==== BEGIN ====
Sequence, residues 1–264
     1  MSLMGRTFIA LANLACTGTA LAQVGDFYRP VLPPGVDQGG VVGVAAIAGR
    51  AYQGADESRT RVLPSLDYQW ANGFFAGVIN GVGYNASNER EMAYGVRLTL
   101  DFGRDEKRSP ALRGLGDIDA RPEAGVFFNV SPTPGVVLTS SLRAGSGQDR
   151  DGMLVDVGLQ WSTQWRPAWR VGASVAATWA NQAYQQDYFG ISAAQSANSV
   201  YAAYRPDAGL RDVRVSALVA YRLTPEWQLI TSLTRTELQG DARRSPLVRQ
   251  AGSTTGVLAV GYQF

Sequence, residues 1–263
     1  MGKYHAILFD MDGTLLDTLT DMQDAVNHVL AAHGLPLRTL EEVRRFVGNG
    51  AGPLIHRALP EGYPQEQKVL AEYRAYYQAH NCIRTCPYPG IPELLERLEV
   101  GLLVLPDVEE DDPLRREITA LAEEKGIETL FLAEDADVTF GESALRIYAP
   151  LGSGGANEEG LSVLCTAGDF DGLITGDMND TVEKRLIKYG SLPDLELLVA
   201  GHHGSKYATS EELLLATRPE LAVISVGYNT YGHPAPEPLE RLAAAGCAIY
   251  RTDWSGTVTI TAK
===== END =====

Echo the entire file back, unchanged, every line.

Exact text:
Sequence, residues 1–264
     1  MSLMGRTFIA LANLACTGTA LAQVGDFYRP VLPPGVDQGG VVGVAAIAGR
    51  AYQGADESRT RVLPSLDYQW ANGFFAGVIN GVGYNASNER EMAYGVRLTL
   101  DFGRDEKRSP ALRGLGDIDA RPEAGVFFNV SPTPGVVLTS SLRAGSGQDR
   151  DGMLVDVGLQ WSTQWRPAWR VGASVAATWA NQAYQQDYFG ISAAQSANSV
   201  YAAYRPDAGL RDVRVSALVA YRLTPEWQLI TSLTRTELQG DARRSPLVRQ
   251  AGSTTGVLAV GYQF

Sequence, residues 1–263
     1  MGKYHAILFD MDGTLLDTLT DMQDAVNHVL AAHGLPLRTL EEVRRFVGNG
    51  AGPLIHRALP EGYPQEQKVL AEYRAYYQAH NCIRTCPYPG IPELLERLEV
   101  GLLVLPDVEE DDPLRREITA LAEEKGIETL FLAEDADVTF GESALRIYAP
   151  LGSGGANEEG LSVLCTAGDF DGLITGDMND TVEKRLIKYG SLPDLELLVA
   201  GHHGSKYATS EELLLATRPE LAVISVGYNT YGHPAPEPLE RLAAAGCAIY
   251  RTDWSGTVTI TAK